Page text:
Restoration work at San Jerónimo in 1975 and 1998 by the Council for the Protection of La Antigua saved the all-but-forgotten chapel. Little is left of the scant decoration inside; the outside was even less decorated. As for the fine plaza and fountain, floods as well as use as a garbage dump had raised the level over three feet.
Now at home in a chapel of honor in La Merced, the much-venerated Jesús Nazareno “whose look penetrates to the soul” (Escultura Colonial en Guatemala) is carried in grand procession to the awe of thousands every Good Friday.

The school of San Jerónimo was not the only construction ordered torn down. Similarly, in 1740 the people of barrio El Tortuguero, at the south end of town, collected alms and began construction of a chapel for their image of Saint Joseph (San José), another work of Alonzo de la Paz. Historians say it was probably due to lack of understanding by the simple barrio folk that they went ahead without license from King Philip V. The Town Council had authorized the work; but, instead of approval when inauguration was requested in 1742, “the authorities in Spain took a dim view of the procedure and ordered the hermitage closed and the building torn down.” (Markman) Further, His Majesty fined the town treasurer for not opposing the project.
The work stopped, but, again like San Jerónimo, the building was not torn down. In 1759 the neighbors’ appeal for a place for religious service was granted. Construction restarted; and the building, made bigger and more beautiful after 20 years of delays, was inaugurated in 1762.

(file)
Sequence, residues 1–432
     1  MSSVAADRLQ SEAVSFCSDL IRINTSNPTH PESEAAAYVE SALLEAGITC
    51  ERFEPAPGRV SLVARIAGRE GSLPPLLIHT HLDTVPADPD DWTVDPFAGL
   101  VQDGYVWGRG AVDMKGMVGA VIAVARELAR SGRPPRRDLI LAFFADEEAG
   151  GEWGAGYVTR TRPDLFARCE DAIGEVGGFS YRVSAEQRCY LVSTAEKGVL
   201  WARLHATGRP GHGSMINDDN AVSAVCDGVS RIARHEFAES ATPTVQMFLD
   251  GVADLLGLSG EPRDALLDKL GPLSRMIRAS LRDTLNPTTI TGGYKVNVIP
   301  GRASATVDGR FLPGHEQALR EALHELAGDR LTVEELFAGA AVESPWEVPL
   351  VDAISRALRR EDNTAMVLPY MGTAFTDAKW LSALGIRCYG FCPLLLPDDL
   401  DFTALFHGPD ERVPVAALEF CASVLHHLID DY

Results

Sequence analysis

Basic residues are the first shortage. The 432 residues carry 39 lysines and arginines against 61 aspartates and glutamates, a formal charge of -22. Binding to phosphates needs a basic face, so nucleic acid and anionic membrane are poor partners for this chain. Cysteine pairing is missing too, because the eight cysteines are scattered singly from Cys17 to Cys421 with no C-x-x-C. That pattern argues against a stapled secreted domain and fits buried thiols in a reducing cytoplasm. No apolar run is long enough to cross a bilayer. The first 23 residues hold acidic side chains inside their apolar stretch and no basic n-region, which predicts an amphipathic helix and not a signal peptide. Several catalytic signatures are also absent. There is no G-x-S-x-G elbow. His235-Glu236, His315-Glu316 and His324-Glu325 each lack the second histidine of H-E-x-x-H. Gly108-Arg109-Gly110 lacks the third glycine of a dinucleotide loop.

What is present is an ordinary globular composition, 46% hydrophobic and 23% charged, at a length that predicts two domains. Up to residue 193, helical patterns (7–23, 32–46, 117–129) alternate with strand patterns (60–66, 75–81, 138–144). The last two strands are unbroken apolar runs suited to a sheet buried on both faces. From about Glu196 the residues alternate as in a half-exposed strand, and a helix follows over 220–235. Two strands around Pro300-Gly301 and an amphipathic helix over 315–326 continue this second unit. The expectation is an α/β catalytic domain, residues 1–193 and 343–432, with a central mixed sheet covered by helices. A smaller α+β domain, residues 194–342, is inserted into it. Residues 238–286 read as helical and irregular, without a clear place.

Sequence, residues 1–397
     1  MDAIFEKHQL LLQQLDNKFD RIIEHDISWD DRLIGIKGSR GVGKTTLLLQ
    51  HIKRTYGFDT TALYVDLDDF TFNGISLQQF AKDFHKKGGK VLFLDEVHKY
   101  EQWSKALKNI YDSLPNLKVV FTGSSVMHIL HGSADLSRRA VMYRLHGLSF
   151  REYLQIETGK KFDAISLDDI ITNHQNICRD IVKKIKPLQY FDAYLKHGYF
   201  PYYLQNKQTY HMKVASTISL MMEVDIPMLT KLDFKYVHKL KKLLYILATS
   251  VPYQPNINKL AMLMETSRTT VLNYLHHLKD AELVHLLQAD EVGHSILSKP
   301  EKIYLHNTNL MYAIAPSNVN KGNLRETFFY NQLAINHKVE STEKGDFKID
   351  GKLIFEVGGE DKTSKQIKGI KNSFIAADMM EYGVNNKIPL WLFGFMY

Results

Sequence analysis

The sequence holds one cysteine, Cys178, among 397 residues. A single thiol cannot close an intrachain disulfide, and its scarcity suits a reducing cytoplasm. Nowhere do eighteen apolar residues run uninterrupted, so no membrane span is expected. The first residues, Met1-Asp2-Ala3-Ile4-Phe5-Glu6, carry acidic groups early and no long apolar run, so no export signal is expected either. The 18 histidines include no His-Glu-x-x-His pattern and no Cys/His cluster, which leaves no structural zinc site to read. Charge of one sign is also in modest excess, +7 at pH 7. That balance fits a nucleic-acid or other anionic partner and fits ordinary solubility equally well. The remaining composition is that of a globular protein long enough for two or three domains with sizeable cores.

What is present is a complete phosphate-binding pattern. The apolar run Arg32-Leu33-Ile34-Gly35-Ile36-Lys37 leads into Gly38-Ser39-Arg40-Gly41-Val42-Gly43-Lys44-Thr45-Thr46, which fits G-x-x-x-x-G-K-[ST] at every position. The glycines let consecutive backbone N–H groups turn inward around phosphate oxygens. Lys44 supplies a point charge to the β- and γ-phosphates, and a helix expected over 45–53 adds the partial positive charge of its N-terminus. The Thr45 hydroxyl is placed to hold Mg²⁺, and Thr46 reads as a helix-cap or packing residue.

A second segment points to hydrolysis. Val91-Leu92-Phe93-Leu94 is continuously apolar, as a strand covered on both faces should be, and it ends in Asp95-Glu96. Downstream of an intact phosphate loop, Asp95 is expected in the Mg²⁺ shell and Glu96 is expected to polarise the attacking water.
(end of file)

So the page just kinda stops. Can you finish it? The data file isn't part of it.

But the end came for San José with the earthquake of 1773, despite its preservation by smart, short and wide construction. After serving briefly as a temporary convent for the Carmelite nuns of Santa Teresa, the church, like much of the city, was abandoned when the capital was moved to what is now Guatemala City. The space eventually was used as a tannery until the 1930s, when it was declared a national monument. Its name was changed to San José el Viejo when the parish church of San José was founded within the cathedral in the early 1800s. The ornate façade near the center of La Antigua, on 5a avenida and 8a calle, no longer at the edge of society, is enjoyed by townspeople and tourists alike. The church is often the site of musical events.

One such event was a concert in 2008 by the Bach Ensemble of Leipzig, Germany. Having experienced its own isolation inside East Germany, the group presented a concert together with the Mayan AJ musical group of Chimaltenango to a diverse crowd in the Church of San José el Viejo and expressed hope that “our concert contribute to the annulling of prejudices in society.” It was a positive evening of culture mix on the very site of an ostracized group 250 years ago.

San Jerónimo is open daily 9-5; Q30; foreign students, Q15; locals, Q2.